Components used to retrieve media information

Several CAR components—device publishers, mcd, mm-sync, and the CAR HMI—work with each other and with mm-detect to automate the process of detecting devices and delivering up-to-date media information to the end user.

Device publishers

Device publishers are hardware-support components that detect device attachments and, in response, write PPS objects to the /pps/qnx/mount/ directory. We refer to this fixed location as the device listings directory. For information on the PPS service, see the PPS Developer's Guide.

For each media device, the appropriate device publisher creates a dedicated PPS object to hold that device's information, which includes its mountpoint and filesystem information. For example, when the user inserts a USB stick whose device name is usb1, the usblauncher publisher creates a PPS object named /pps/qnx/mount/usb1. When the user removes the device, the same publisher deletes the PPS object.

When the user attaches a USB device that doesn't have any partitions but does have a single, mountable filesystem, usblauncher writes the device mountpoint to one PPS object whose name matches that of the device. If the USB device has partitions, the publisher writes the mountpoints of the various partition filesystems to distinct PPS objects. The names of these objects contain the partition indexes.

Media content detector (mcd)

The media content detector utility (mcd) enumerates and mounts devices and their partitions. The mcd service doesn't interact with mm-detect; instead, mcd runs as a background process and continuously monitors the /dev/ directory for new entries, which indicate device attachments. When it notices a device attachment, mcd enumerates and mounts the device's partitions based on the rules encoded in a special text file (by default, /etc/mcd.mnt).

The mount rules indicate the mountpoints to use for specific device objects (/dev/ entries). Device drivers create and name these objects based on partition properties such as filesystem type. For example, for an inserted USB mass storage device with distinct DOS and QNX4 partitions, the USB driver could create the device objects /dev/umass/umass0t1 and /dev/umass/umass0t7. The mcd service could then assign mountpoints of /fs/usb0 and /fs/usb1 for these two partitions. For further explanation of mount rules and a sample mcd.mnt rules file, see the mcd section in the Utilities Reference.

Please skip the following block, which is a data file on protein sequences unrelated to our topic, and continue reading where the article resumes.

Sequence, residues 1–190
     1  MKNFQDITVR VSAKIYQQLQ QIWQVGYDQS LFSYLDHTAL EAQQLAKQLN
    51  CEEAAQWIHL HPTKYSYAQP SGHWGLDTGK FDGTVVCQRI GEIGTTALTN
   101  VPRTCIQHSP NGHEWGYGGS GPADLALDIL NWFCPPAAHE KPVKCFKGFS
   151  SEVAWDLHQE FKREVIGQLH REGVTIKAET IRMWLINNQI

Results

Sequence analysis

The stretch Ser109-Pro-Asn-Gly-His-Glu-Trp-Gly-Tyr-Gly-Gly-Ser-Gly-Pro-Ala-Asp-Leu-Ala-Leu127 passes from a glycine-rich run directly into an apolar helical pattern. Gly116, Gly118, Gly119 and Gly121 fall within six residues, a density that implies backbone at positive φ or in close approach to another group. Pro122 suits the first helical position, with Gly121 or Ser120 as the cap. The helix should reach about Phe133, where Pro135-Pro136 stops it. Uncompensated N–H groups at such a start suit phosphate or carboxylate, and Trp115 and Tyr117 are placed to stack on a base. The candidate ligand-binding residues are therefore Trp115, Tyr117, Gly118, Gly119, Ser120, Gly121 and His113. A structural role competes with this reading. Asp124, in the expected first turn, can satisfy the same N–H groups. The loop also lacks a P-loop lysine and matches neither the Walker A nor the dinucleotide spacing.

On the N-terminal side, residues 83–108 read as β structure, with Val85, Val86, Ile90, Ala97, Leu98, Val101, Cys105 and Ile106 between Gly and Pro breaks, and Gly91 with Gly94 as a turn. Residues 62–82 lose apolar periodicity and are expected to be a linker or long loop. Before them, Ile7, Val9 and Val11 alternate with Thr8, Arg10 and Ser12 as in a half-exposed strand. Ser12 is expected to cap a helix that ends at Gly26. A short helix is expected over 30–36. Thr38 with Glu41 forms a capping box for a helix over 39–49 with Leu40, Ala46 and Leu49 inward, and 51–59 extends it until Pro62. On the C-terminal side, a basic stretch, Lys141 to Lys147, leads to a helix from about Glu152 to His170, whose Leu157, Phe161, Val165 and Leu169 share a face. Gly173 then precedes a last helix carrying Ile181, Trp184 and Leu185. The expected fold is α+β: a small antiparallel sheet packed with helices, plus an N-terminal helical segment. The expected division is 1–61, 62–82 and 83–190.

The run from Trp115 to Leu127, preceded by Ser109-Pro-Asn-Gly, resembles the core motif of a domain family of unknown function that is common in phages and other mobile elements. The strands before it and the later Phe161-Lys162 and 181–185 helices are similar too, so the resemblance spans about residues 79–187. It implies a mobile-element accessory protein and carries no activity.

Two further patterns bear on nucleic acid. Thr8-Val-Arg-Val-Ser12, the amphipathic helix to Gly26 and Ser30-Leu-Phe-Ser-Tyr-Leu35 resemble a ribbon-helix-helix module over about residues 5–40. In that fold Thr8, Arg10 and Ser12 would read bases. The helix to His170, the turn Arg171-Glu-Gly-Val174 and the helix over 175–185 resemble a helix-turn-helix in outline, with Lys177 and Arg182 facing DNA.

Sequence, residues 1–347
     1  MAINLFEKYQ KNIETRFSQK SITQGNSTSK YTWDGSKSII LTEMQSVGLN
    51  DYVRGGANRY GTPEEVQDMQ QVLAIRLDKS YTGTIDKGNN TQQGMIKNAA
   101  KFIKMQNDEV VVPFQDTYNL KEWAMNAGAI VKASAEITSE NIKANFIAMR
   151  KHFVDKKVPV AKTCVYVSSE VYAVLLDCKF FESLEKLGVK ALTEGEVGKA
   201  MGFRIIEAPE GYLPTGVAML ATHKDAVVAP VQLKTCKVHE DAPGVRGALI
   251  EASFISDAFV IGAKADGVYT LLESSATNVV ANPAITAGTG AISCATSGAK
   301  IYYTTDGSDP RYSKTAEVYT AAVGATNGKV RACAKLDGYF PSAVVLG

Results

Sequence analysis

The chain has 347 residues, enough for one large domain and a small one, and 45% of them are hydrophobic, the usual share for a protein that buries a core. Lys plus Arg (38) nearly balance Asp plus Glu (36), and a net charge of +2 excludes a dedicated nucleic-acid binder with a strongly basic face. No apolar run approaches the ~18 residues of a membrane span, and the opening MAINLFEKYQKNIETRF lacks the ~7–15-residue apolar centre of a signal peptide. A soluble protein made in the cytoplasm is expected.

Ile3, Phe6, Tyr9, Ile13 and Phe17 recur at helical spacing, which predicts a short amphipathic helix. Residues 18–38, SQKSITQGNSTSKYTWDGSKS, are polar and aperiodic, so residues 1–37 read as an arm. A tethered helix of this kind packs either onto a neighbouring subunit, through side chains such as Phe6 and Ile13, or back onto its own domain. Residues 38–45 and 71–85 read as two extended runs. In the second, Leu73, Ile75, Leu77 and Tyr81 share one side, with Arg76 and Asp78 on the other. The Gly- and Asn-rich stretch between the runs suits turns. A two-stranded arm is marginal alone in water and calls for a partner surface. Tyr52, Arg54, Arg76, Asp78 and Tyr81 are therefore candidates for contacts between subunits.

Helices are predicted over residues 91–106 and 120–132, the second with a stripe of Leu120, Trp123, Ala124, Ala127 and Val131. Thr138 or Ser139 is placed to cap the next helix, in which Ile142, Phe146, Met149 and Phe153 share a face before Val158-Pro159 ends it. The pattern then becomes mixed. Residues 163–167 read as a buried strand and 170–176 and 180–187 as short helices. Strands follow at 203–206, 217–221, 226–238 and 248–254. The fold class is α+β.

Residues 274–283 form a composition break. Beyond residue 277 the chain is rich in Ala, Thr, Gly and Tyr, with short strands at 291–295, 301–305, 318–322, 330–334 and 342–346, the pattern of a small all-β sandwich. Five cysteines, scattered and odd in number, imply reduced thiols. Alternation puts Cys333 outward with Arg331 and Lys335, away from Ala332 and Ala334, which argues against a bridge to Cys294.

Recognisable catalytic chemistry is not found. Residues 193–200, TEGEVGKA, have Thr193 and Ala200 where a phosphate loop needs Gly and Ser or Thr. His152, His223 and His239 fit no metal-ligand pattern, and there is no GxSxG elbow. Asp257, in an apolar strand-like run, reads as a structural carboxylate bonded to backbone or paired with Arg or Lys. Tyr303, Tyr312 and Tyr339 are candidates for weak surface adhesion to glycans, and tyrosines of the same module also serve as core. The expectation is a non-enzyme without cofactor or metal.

The mcd service sends mount requests to the appropriate device drivers (e.g., the USB driver for mounting a USB stick), which manage the mountpoint paths. Each device publisher regularly polls its corresponding device driver to learn of any new mountpoints, which it then writes to the PPS objects in the device listings directory.

Multimedia synchronizer (mm-sync)

The multimedia synchronizer service, mm-sync, uploads media metadata from attached devices into QDB databases. Each device has its own QDB database that stores metadata on the device's media contents. For information on the QDB database service and the storage standard used for its databases, see the QDB Developer's Guide.

The first time a device is attached to the in-car system, mm-detect loads and initializes the device's database before invoking mm-sync to start the synchronization. This action by mm-detect is necessary because although mm-sync can write to databases, it can't load or unload them.

When a device is attached at any time, mm-detect instructs mm-sync to synchronize media content from the entire device, starting from the root folder and descending into all subfolders systematically. The device's filesystem is accessed from the mountpoint previously set up by mcd. The command sent to mm-sync also instructs it to upload file information and creation and playback information for media tracks, but not playlist entry information.


The CAR HMI consists of many applications that provide users with a visually rich front end for interacting with their in-car system. This release contains a media app (Media Player) that reads the synchronization statuses published by mm-detect through PPS and refreshes the list of media sources shown in the HMI as needed.

You can write your own media applications to replace or run alongside Media Player. These applications can read the same PPS object that Media Player reads for synchronization status updates. The information published in this object includes the device's name and media type, and a flag indicating whether the device has been synchronized.

Your applications can extract as much of this information as they need to refresh their HMI display. By default, mm-detect stores this object in /pps/services/mm-detect/, but you can reconfigure which directory this object is stored in.